Cat Hyperthyroidism

irishdancersgramJanuary 10, 2006

Does anyone have a cat with Hyperthyroidism and what kind of treatment has your's required? I've had my Clancy,(3 yr. old neutered tabby) to the vets a few times and they can't seem to find his problem, so I'm researching on line...To me, all his symtoms point to Hyperthyroidism and find it hard to believe, the vet hasn't said the same thing. I'm seriously thinking of seeking out a new vet.....Any help will be appreciated.....


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I'm a vet tech at a place that does radioactive iodine treatment for hyperthyroid cats, and a vet student, so I have LOTS of experience with it.

First of all, you need a diagnosis before you go off trying to treat him. All that takes is simple bloodwork for a T4. Either it will be high or it won't.

If it's borderline, there are other tests that can be done to determine if Clancy (I hope he's orange!) is hyperthyroid. One is a Tc99 scan. That has to be done at a facility like a vet school that has the equipment, but it is very diagnostic. If Clancy is hyperthyroid, it will be obvious.

You could also do additional bloodwork (free T4, TSH) but honestly that seems to confuse more than help.

If he is truly hyperthyroid, the best treatment is the radioactive iodine injection. It's very simple, just a quick shot under the skin like a vaccine, then he has to "cool off" for a certain amount of time until he is no longer radioactive. The cooling off period varies by state regulation; here in NC it's at least 3 days that he would have to stay in an isolation area before going home. The radioactive iodine is taken up by the active (diseased) thyroid tissue (and no other tissue in the body) and destroys it. Cats are lucky in that when they become hyperthyroid, it is usually a goiter that has gone crazy producing too much T4, and the rest of the thyroid tissue doesn't do anything because of negative feedback. That's how only the diseased tissue is destroyed. After the treatment, which is over 95% successful, he won't need anything other than a couple of T4 tests (usually at 30 and 90 days post-treatment) to monitor his progress. Then just once a year or so with his annual physical exam/bloodwork. The disadvantage of I131 treatment is the cost- usually about $1200.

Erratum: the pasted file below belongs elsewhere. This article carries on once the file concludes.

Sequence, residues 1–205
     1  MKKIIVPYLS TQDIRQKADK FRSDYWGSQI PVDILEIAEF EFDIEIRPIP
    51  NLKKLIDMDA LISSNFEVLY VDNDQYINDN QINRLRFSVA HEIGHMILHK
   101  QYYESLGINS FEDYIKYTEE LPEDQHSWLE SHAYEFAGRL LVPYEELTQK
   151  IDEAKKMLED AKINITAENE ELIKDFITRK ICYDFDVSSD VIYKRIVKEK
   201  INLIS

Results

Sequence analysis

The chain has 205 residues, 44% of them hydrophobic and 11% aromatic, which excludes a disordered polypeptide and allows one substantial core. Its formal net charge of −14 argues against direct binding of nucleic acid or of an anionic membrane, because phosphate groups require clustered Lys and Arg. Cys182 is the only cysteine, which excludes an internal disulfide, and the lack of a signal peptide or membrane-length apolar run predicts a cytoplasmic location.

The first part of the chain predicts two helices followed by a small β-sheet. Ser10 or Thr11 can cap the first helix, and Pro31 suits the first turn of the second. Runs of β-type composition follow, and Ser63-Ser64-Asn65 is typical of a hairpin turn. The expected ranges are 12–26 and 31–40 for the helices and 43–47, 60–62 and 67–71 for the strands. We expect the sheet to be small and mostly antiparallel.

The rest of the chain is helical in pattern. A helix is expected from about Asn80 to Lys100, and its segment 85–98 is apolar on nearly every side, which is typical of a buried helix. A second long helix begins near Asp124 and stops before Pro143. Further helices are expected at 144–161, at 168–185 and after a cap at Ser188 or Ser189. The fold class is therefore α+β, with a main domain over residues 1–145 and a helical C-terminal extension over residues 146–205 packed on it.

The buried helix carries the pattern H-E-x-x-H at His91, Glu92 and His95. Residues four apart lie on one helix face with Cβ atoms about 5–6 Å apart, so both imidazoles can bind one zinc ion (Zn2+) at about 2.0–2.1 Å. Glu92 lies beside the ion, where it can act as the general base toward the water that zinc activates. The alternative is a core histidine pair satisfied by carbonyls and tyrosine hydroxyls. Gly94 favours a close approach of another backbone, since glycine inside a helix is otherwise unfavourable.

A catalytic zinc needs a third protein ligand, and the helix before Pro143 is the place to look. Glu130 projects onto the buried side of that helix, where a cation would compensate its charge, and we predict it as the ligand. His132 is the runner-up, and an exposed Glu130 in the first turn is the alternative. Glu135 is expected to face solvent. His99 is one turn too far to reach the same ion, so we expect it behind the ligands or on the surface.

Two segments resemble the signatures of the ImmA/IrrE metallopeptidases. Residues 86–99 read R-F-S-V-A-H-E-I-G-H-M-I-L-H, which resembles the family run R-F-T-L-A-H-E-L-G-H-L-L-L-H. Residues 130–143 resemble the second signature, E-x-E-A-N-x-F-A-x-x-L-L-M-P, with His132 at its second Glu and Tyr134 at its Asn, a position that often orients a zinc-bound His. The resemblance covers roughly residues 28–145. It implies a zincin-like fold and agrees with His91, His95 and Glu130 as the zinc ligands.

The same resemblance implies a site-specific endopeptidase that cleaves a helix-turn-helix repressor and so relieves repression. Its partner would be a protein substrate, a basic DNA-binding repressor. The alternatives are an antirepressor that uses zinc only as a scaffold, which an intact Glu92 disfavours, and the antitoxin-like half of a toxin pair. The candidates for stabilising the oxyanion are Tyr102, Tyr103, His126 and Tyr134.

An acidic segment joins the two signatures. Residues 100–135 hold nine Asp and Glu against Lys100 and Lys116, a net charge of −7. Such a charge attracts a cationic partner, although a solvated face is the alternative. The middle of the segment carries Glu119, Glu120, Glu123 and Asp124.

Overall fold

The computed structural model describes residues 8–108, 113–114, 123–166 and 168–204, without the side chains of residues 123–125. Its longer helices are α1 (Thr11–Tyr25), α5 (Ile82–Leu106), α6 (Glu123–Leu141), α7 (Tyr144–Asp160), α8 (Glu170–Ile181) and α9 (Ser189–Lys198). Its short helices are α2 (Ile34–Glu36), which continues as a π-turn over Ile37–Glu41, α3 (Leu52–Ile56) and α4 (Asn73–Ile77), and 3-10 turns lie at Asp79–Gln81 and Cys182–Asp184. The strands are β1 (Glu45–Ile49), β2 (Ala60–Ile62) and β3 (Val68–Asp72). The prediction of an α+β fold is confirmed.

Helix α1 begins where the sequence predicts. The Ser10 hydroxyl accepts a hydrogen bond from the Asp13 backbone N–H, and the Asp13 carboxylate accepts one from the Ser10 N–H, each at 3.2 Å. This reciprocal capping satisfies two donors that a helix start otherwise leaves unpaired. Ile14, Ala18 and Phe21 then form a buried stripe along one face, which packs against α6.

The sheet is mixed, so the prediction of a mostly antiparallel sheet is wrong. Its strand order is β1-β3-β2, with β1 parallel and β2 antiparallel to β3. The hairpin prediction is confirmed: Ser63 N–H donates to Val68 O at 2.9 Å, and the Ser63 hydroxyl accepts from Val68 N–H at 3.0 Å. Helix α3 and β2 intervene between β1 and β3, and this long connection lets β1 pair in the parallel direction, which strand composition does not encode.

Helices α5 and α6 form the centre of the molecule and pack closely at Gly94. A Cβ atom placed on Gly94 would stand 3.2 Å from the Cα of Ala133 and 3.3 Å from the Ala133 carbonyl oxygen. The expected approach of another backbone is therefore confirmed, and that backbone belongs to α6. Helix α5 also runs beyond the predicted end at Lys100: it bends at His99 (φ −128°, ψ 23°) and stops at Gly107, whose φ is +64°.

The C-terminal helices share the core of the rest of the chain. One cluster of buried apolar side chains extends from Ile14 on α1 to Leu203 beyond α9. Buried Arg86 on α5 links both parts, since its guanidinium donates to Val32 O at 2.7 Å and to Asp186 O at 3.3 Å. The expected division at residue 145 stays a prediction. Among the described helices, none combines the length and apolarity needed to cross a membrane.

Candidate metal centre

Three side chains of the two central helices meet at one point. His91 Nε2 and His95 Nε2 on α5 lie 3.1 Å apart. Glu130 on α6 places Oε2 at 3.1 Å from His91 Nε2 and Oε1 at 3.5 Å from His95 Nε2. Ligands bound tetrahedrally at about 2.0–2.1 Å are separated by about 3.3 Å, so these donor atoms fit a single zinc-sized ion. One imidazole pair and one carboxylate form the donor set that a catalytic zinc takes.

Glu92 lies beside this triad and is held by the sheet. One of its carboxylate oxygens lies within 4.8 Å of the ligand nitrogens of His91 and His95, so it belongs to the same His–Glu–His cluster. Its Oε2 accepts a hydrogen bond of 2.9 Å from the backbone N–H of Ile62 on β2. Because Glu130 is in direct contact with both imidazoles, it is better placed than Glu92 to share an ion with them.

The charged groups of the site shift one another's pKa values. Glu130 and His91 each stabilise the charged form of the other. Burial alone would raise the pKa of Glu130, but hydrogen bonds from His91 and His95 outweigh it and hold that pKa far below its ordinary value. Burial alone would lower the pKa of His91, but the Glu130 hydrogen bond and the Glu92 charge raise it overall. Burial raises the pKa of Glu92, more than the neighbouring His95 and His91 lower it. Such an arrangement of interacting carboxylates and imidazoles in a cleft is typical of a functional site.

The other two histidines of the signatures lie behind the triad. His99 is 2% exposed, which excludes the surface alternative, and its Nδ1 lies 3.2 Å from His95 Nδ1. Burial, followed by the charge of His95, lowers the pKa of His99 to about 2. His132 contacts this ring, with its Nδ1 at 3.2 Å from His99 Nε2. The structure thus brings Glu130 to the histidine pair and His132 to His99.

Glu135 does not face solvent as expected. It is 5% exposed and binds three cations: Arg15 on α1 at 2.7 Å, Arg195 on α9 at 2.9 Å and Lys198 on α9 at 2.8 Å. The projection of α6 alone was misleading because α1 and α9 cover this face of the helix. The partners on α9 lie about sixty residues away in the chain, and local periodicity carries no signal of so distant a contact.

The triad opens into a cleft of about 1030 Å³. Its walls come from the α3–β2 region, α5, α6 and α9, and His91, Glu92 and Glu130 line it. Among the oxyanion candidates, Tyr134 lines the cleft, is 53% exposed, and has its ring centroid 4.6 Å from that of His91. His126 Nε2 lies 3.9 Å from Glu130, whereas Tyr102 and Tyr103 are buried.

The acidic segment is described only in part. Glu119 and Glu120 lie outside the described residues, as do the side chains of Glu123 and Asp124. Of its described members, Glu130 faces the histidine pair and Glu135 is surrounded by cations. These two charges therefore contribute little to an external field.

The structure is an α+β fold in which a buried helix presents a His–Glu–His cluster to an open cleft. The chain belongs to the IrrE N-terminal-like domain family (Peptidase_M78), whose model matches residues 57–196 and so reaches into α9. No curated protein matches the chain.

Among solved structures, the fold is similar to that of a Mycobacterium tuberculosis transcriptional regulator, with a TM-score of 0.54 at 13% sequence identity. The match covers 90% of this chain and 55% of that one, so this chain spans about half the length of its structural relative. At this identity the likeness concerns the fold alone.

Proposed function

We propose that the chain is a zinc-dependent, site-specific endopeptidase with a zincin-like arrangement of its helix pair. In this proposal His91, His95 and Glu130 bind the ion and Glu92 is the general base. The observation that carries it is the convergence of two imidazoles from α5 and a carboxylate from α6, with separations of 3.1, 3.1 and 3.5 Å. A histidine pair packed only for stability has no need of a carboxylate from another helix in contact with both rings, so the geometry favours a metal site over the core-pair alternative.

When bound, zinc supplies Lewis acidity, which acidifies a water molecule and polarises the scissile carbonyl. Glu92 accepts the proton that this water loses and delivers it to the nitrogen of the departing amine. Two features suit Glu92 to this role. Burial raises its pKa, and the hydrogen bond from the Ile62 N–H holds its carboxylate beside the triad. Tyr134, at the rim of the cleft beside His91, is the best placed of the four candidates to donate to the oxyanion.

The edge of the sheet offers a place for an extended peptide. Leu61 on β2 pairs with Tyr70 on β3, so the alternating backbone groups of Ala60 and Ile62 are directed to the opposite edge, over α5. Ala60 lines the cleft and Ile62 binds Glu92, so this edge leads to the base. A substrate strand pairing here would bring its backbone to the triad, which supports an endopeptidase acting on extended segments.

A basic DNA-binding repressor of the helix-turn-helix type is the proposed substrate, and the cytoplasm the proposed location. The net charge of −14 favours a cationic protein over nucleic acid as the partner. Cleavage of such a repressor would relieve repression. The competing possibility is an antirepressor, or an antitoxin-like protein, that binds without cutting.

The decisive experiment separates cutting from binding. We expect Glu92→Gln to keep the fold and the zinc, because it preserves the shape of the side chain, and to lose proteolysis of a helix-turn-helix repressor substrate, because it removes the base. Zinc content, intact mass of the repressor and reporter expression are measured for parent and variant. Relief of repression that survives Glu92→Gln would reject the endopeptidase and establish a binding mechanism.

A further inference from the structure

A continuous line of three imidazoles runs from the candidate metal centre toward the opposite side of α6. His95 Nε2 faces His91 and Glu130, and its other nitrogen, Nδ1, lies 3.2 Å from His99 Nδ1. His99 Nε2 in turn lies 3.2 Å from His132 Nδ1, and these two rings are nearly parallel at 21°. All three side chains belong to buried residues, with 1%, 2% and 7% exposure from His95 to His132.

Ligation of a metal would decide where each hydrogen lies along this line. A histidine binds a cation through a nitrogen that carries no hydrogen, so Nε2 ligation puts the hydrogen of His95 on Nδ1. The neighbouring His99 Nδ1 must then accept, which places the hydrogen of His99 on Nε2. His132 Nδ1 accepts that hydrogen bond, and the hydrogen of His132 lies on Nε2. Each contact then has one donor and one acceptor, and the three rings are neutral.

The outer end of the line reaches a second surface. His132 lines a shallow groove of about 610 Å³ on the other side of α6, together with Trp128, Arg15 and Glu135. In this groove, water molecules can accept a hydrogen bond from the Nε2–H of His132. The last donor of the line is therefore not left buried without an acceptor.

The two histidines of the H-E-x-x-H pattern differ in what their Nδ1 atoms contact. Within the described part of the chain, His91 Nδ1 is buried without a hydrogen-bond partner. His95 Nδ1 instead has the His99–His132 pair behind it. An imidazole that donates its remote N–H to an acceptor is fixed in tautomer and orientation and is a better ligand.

The second treatment option is medication. It's available by pill or by transdermal gel. The brand name is Tapazole; generic is methimazole. It is less expensive at first, but requires T4 tests to adjust the dose of medication. Then once he's stable, you have to do quarterly (or so) T4 tests to make sure the dose doesn't have to be adjusted. Also, methimazole is liver toxic, so you also have to monitor liver enzymes. Some cats cannot take methimazole because it makes them vomit or because they develop a very serious puritus that causes them to scratch their faces to the point of bleeding. And finally, with Clancy being so young, by the time you paid for the medication and monitoring for about 2-3 years, you could have had the radioactive iodine treatment done for the same cost. Methimazole is life-long, so that's giving a cat a LOT of pills or ear goo twice a day.

The third treatment option which you may hear about but isn't recommended is surgery. Usually surgery is not recommended because hyperthyroid cats tend to be much older than Clancy- the mean age at the hospital where I work is 15. At that age, many cats have other problems that make them bad candidates for surgery. The other reason that surgery is not recommended is that there is thyroid tissue scattered throughout the body, not just the glands in the neck. We have had cats with both neck thryoid glands removed still require the radioactive iodine treatment because it wasn't the glands that were the problem. Also, you would need to find a very experienced surgeon, because if the parathyroid glands are accidently removed with the thyroid glands, calcium regulation is not longer possible and that leads to a whole host of serious life-threatening complications. Last time I heard, the surgery costs about 1/2 of the radioactive iodine treatment, but with all the risks and the very real possibility that it wouldn't even solve the problem, it just isn't done so much any more.